To see which specific keywords are most significant on your website go to Google Webmaster Tools for your site. Click on Google Index, then Content Keywords. This will show you a list of the most significant keywords on your site.
6. What content on my site has high bounce rates and what can I do to address this?
Check Google Analytics. Click on Behaviour, Site Content, All Pages. Click on the Bounce Rate column to sort by highest bounce rate first.
7. Who is linking back to me (backlinks) and what are the bounce rates?
Check Google Analytics. Click on Acquisitions, the All Traffic. This will tell you the source of all traffic and what their respective bounce rates are.
That’s a lot to consider, but the 10 rules can be summarised as follows:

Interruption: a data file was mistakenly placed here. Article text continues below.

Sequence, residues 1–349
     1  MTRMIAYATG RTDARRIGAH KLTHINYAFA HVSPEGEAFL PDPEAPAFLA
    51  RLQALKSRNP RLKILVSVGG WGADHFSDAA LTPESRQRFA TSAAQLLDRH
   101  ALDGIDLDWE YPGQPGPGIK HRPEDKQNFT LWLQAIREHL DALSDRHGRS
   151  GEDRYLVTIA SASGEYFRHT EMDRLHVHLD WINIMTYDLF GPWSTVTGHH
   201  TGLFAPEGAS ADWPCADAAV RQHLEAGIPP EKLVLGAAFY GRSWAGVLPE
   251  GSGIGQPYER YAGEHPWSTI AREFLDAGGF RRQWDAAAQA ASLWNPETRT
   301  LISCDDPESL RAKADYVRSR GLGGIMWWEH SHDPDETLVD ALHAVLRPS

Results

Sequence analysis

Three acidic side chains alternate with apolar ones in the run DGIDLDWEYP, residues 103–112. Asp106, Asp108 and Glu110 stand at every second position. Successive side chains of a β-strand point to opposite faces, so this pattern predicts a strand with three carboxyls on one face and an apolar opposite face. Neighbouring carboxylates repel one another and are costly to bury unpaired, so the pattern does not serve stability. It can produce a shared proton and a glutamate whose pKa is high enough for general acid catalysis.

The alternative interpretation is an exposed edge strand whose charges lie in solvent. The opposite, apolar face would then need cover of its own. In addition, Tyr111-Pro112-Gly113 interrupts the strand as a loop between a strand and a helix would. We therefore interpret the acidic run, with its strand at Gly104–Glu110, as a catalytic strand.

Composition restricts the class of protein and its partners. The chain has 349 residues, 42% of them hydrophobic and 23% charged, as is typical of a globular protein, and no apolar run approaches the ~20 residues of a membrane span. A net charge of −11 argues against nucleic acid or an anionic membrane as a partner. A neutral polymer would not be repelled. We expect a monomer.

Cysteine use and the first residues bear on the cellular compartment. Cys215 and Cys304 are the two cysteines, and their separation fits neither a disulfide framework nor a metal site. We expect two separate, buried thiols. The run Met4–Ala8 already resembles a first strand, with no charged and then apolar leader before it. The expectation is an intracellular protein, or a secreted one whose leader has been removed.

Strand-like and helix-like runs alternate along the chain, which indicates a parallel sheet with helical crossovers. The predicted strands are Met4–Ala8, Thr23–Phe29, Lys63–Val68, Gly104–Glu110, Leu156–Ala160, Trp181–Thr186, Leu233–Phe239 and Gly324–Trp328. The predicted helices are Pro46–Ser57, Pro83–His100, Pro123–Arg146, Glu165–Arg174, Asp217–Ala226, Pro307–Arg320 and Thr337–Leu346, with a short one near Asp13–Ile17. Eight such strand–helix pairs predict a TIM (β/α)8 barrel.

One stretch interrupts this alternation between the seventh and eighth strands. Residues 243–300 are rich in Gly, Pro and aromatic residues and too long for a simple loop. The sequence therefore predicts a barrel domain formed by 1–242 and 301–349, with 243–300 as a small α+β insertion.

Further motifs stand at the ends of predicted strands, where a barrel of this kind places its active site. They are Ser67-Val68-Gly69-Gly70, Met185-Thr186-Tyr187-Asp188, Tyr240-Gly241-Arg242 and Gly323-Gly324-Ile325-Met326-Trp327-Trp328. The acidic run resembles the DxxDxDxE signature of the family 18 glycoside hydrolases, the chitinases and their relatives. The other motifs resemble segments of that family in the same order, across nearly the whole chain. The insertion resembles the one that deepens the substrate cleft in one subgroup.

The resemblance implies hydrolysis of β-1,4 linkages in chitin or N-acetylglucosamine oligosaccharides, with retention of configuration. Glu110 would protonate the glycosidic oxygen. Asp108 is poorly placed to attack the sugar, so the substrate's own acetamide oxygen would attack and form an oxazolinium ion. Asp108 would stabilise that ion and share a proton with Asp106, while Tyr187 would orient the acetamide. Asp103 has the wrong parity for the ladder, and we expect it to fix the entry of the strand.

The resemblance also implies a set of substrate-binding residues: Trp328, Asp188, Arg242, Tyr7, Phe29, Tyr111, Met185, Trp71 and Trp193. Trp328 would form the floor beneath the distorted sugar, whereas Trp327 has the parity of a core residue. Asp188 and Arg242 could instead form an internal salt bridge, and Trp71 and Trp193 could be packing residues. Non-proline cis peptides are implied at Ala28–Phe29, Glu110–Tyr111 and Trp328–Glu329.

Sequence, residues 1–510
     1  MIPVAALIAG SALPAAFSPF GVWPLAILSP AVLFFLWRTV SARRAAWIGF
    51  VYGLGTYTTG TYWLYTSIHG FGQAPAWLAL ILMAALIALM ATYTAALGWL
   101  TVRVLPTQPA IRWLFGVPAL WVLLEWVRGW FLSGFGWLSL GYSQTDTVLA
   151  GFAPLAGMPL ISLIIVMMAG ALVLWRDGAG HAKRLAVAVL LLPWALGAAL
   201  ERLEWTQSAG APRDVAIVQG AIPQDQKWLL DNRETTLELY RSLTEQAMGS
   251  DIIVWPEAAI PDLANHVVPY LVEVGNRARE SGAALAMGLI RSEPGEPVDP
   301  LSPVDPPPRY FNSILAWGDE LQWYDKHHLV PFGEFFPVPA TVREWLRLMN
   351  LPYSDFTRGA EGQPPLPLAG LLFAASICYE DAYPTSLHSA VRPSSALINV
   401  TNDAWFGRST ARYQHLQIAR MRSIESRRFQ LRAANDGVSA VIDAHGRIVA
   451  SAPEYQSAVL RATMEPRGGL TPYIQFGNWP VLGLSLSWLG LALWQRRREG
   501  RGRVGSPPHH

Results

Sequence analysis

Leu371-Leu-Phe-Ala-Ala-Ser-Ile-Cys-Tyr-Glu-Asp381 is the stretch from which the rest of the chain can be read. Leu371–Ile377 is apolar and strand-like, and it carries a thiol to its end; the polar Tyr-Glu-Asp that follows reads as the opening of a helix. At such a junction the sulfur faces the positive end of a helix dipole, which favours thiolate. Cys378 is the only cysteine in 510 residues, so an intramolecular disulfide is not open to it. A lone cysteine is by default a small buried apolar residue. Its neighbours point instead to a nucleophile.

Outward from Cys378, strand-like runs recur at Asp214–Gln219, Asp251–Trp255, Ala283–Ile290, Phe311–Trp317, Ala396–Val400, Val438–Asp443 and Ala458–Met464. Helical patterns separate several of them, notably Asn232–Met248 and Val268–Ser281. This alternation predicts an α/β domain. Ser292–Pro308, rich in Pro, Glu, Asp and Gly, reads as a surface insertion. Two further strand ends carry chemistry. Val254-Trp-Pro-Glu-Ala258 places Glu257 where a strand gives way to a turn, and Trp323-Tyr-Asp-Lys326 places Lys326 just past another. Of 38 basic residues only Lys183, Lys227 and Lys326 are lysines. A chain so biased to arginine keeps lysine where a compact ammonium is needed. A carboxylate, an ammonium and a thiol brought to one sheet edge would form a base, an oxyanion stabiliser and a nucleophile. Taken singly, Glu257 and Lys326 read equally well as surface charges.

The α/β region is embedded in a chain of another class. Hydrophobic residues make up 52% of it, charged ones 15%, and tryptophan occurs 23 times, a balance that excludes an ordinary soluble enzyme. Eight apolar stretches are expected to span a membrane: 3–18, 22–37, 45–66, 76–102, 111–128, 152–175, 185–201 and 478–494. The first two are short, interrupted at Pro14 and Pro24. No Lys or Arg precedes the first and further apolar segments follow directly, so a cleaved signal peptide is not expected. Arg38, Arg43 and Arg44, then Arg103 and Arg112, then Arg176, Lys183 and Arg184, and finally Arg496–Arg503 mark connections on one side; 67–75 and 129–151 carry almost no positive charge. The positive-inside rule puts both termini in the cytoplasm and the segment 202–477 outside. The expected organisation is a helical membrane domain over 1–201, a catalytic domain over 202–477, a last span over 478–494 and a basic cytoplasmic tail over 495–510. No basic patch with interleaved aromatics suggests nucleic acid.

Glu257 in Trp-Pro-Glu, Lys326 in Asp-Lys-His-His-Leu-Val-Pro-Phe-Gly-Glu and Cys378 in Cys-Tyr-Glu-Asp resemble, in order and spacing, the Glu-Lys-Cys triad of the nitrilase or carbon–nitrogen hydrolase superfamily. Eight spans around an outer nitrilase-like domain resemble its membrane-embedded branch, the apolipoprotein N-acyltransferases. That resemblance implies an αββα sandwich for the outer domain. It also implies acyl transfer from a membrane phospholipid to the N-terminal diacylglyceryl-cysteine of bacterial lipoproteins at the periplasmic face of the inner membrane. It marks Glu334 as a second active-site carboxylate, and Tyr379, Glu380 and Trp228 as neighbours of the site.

For each post or page you create
- Write great content
- Update WordPress SEO for page specific keywords, meta description and your SEO page title
- Name your images and give them alt text when inserting in a post/page
- Include internal links
Planning & Preparation
- Have a Plan – focus your efforts
- Work with partners and develop inbound links
- Review your results and adjust your Plan
You may need to go back over content and adjust things – don’t be too worried by this, you can take a gradual approach, focussing on your most popular pages and posts.
The important takeaway today, is to start adopting these core rules for every new piece of content that you write from now.